Something I learned at the European Wine Bloggers Conference is that Lisbon hotels are no better than American hotels when it comes to hosting a group of techies. Connectivity with everyone running around with computers is almost non-existent.
How does this tie into my story about winemaker José Fonseca ~ of Enoforum Wines? It was at the EWBC that I first met José. I had just spent about 10 minutes trying to find a place where I could plug in my computer – perhaps finding the last available spot in the seminar’s room among the 100 or so other wine bloggers, when my host Delfim Costa found me. He signaled for me to come with him. Panic flooded my mind. “Oh, no,” I thought, “I’ll never find another plug-in space!” Delfim asserted, “I only need you for a moment.” I thought, “Phew!” and went with him, leaving my computer plugged in.
[This image was taken at lunch at the castle in Reguengos de Monsaraz. José is on the left, with my host Delfim Costa being on the right.]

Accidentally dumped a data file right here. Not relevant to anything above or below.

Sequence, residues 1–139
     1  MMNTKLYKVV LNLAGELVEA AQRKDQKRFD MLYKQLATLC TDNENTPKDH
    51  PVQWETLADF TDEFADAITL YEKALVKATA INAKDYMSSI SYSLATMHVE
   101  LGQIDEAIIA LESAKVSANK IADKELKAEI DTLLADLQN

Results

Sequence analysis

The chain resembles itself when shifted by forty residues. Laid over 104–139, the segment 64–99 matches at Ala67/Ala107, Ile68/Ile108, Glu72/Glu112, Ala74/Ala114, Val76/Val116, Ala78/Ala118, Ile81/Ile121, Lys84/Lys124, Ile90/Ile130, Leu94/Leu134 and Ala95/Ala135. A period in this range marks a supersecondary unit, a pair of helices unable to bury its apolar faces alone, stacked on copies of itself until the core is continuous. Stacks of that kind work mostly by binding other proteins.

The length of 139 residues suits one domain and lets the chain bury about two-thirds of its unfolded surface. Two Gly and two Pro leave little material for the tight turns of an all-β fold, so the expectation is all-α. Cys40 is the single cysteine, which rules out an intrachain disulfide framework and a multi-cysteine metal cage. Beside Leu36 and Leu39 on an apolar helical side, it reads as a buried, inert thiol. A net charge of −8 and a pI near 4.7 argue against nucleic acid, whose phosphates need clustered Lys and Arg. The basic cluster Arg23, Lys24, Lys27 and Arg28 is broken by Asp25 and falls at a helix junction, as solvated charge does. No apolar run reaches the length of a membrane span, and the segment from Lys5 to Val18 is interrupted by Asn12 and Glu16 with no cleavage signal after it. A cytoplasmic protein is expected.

I walked with Delfim into the hotel lobby from the conference room, and standing there was José Fonseca. I was immediately struck by his presence. His posture was impeccable, his presence was regal, and his face shone the wisdom of the ages. This was Enoforum’s winemaker, and one of the most important reasons I had been summoned to Portugal. As I would come to learn over my next 10 days in Portugal, driven by my male colleagues along the way, chivalry is still alive and well in this land of compassionate and highly evolved people… the Portuguese.
As I sensed the importance of José in the future of my learning about the wines from Alentejo, I went back to review José’s biography… There it was, what I had intuitively sensed:
Education and Training:
- Degree in Agronomic Engineering
- President of the Portuguese oenology association since 2004
- Technical adviser and Producing Manager since 1987
- Professor of Universidade Técnica de Lisboa between 1976 and 1984
- Vice-president of the Portuguese oenology association since 1994
- Effective member of the Office International de la Vigne et Vin (O.I.V), as official taster for international competitions
- Founder member of Confraria dos Enófilos do Alentejo
- Founder member of Confraria dos Enófilos da Estremadura
I felt honored to have been introduced to him, because he’s just that kind of man. Delfim told me that José had been one of his university professors, and when it became time to create Enoforum Wines, their lives were reunited.
[Left to right: Winemakers José Fonseca and Oscar Gato of Adega de Coop Borba]